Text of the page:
Guyana is a signatory to the international treaty on refugees making it obligatory to accept refugees. Because of such a treaty then, I am wondering if we erred when we charged fourteen Venezuelans for illegal entry, fined them and will have them deported. Were they refugees? We’ll get to Minister Joseph Harmon’s statement clarifying the situation later.
One of the Venezuelans is quoted as saying that he didn’t know he was not welcome to work in Guyana, because there are many Guyanese who travel unhindered to Venezuela where they find employment. Most Guyanese know that there is more than just a small number of Guyanese working in Venezuela to where they cross often to find work. But that is not the point.
Even if there were no Guyanese living illegally in Venezuela (God knows how many Guyanese are living illegally in Venezuela, French Guiana, Suriname, Barbados, Trinidad, Canada and the US) and even if there were no Guyanese actually living and working in Venezuela, this country has a moral duty to humanity to accept and protect human beings who are starved and hungry, and have come to Guyana to save themselves and their families.
The letter-writer avoided any condemnation of Magistrate Ann McLennan who assigned a fine of $10,000 each and ordered deportation. I am not aware of the specific law under which they were charged so I could ascertain if the Magistrate has scope to reprimand and discharge them.
I am going to leave out criticism of the Magistrate’s decision because I don’t have the facts. Enter Minister Harmon. His position is clear. If people enter Guyana illegally, the judicial process must be allowed to operate. Fair enough! Mr. Harmon went on to state, that the government will respond if there is a claim for help in a refugee situation.
My problem is how do we know if fleeing people who enter Guyana and cannot speak English didn’t make a claim for refugee status, but insensitive policemen refused to summon the relevant Ministry to take over and had them arrested for illegal entry?
I am not saying this happened in this case so I will end my discussion on the plight of the 14. My argument now centers on the possible situation of Venezuelans coming here to be rescued. This country must not arrest and charge starving people from other lands who come here to ask for food. You beg for food because you are hungry. The world knows about the hunger situation in Venezuela; it is in the news nightly.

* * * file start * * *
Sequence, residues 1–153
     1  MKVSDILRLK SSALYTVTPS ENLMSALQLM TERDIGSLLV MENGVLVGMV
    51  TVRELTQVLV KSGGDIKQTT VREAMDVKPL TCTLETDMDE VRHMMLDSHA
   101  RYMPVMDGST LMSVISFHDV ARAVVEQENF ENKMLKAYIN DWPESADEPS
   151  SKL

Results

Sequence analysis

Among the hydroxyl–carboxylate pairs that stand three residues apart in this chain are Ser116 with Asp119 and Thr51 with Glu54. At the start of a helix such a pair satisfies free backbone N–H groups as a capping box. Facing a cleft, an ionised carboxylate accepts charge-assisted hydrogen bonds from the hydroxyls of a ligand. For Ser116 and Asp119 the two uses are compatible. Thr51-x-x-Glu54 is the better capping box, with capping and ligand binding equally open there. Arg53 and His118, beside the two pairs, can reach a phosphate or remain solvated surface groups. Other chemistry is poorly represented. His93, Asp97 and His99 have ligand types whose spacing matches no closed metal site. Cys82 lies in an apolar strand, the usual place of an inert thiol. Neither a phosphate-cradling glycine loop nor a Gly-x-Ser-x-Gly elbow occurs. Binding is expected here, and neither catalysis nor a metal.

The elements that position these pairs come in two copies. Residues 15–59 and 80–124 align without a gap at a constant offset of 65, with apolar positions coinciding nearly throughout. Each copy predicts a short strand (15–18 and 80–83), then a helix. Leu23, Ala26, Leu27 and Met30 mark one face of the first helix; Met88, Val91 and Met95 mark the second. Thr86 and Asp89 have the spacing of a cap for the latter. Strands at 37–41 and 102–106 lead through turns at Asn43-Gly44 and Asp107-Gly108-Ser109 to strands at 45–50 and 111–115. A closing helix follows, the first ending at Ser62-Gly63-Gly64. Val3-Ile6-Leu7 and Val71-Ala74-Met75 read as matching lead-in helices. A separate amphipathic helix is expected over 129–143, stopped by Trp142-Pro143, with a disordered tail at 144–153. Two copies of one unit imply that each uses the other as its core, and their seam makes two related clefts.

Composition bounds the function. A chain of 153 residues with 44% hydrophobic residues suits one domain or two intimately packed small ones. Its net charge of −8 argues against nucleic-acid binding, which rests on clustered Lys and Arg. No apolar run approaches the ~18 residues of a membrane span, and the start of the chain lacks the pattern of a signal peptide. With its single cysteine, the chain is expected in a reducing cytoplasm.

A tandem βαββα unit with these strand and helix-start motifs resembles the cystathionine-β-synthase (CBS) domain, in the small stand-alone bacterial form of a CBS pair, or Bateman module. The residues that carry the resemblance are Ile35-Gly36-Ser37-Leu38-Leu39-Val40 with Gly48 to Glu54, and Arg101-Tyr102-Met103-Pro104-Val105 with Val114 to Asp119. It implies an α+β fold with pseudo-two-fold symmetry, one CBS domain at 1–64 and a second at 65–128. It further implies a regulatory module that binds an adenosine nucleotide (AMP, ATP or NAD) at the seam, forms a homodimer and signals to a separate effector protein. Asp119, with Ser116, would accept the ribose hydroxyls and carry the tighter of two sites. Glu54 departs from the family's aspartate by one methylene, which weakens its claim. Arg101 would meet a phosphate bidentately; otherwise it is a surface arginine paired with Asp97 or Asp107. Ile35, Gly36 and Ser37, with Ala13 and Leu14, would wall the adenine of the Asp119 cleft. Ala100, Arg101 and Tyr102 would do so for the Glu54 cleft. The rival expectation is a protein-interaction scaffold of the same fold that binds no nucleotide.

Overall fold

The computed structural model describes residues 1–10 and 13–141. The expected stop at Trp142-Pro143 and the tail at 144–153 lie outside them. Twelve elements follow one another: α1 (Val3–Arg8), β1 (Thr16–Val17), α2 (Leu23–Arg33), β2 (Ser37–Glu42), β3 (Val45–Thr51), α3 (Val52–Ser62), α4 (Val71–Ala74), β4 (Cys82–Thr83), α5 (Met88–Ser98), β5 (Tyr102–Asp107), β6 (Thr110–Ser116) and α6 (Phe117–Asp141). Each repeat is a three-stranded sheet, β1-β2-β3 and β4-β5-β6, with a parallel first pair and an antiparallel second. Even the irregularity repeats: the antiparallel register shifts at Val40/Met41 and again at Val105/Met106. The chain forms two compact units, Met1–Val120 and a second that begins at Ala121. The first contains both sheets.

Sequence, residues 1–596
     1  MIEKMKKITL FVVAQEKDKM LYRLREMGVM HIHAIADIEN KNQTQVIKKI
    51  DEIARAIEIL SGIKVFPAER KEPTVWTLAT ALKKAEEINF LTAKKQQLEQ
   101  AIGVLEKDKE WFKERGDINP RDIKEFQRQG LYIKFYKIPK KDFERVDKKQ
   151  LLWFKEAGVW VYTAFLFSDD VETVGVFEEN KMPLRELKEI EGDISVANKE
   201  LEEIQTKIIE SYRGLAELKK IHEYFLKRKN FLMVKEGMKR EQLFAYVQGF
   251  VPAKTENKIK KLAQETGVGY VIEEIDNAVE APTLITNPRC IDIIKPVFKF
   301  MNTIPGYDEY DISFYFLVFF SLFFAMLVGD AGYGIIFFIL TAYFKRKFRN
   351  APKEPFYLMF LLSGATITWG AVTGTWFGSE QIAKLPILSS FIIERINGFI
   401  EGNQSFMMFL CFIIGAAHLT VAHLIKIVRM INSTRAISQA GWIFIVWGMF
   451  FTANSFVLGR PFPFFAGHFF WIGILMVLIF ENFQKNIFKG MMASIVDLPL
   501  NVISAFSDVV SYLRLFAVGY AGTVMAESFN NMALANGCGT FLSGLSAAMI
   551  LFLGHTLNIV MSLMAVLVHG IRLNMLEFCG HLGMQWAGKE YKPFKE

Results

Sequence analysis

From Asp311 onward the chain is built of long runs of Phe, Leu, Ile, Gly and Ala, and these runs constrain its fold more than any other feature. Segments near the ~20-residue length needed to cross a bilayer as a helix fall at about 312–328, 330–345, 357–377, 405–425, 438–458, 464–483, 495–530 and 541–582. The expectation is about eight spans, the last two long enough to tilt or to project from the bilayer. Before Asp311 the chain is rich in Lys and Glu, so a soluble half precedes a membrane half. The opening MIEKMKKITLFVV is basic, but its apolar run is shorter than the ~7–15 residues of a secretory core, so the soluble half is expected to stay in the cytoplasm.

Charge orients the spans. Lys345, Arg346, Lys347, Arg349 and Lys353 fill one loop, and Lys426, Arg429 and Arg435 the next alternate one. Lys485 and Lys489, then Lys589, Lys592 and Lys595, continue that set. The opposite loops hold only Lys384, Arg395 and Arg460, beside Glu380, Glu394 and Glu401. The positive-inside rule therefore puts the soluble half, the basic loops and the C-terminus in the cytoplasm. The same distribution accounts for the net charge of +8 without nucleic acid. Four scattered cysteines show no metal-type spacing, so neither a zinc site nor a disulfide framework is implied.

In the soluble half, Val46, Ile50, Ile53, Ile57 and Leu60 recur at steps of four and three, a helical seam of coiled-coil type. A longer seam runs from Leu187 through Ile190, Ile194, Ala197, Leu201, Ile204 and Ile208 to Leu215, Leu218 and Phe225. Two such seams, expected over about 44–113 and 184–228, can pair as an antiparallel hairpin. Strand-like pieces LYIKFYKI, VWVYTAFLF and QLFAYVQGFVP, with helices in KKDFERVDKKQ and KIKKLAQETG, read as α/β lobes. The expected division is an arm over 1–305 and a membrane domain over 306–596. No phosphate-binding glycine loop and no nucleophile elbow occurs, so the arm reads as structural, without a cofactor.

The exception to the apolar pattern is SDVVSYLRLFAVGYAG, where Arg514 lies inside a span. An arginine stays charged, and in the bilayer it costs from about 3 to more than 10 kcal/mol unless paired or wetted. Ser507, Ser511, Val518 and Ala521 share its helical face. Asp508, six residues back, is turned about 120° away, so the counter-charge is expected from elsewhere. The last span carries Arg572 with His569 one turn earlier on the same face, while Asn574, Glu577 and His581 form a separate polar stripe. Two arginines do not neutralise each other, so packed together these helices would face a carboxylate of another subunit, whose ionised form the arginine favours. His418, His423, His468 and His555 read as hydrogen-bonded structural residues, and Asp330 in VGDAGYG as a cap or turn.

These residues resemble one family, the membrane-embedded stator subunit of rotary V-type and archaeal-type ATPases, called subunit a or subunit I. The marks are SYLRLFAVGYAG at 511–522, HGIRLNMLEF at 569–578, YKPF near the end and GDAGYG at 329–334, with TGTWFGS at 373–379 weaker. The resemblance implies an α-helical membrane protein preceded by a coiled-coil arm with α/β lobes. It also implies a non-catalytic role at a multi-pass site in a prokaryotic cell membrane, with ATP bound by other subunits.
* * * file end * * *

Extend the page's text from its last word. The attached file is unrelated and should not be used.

There are two types of refugees that need help; people who are running away from civil war because they want to escape the ubiquity of violence and those in danger of losing their lives.
The other group is those whose countries are experiencing famine and food shortage. In these circumstances babies and small children are threatened. Other lands should never turn away starving mothers and their children who need food to sustain themselves.
Given the situation in Venezuela, we can expect some of them pouring over the border. We cannot and must not turn them back. We must ascertain if they asked for refugee status.
I can anticipate many Guyanese saying that once you encourage ten, twenty will come, then, forty will come. But what is wrong if they come and we can give them food to take back to Venezuela? Under no circumstances should we have them placed on remand in Brickdam and placed before the courts. I read that one of the women was crying in the court.
Do you know (I strongly believe it though I don’t have the figure) that per capita, this nation must have more churches (of all kinds of denominations) than any other county in the world. You travel around and you find that churches dot the entire landscape. Guyana should have been the most honest and ethical country in the entire world given the amount of churches we have.
A certain Magistrate on the West Coast of Demerara has his own church in my birth place – Wortmanville. I heard a man who is a big one at City Hall, and who is a devil, has his own church. A PPP leader, who said that if Jesus was to come down to Guyana he would vote for the PPP, once had a bottom house church way down in a yard on Joseph Pollydore Street in Lodge.
With this kind of religious saturation, one hopes that if Venezuelans seek refugee assistance they will be helped, including a sensitive heart from the coalition partners- PNC, AFC and WPA.
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